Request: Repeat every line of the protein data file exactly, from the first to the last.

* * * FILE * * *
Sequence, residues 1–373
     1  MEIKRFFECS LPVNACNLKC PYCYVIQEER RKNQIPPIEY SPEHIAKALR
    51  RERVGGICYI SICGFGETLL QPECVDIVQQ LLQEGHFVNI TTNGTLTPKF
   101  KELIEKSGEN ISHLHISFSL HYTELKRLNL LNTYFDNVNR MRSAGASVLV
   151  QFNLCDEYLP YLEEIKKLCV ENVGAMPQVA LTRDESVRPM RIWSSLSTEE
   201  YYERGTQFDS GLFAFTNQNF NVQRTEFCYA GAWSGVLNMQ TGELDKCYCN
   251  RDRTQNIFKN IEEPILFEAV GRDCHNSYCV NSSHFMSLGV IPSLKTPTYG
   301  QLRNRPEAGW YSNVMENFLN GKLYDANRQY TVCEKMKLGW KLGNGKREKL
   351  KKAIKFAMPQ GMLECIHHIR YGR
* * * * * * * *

Sequence, residues 1–373
     1  MEIKRFFECS LPVNACNLKC PYCYVIQEER RKNQIPPIEY SPEHIAKALR
    51  RERVGGICYI SICGFGETLL QPECVDIVQQ LLQEGHFVNI TTNGTLTPKF
   101  KELIEKSGEN ISHLHISFSL HYTELKRLNL LNTYFDNVNR MRSAGASVLV
   151  QFNLCDEYLP YLEEIKKLCV ENVGAMPQVA LTRDESVRPM RIWSSLSTEE
   201  YYERGTQFDS GLFAFTNQNF NVQRTEFCYA GAWSGVLNMQ TGELDKCYCN
   251  RDRTQNIFKN IEEPILFEAV GRDCHNSYCV NSSHFMSLGV IPSLKTPTYG
   301  QLRNRPEAGW YSNVMENFLN GKLYDANRQY TVCEKMKLGW KLGNGKREKL
   351  KKAIKFAMPQ GMLECIHHIR YGR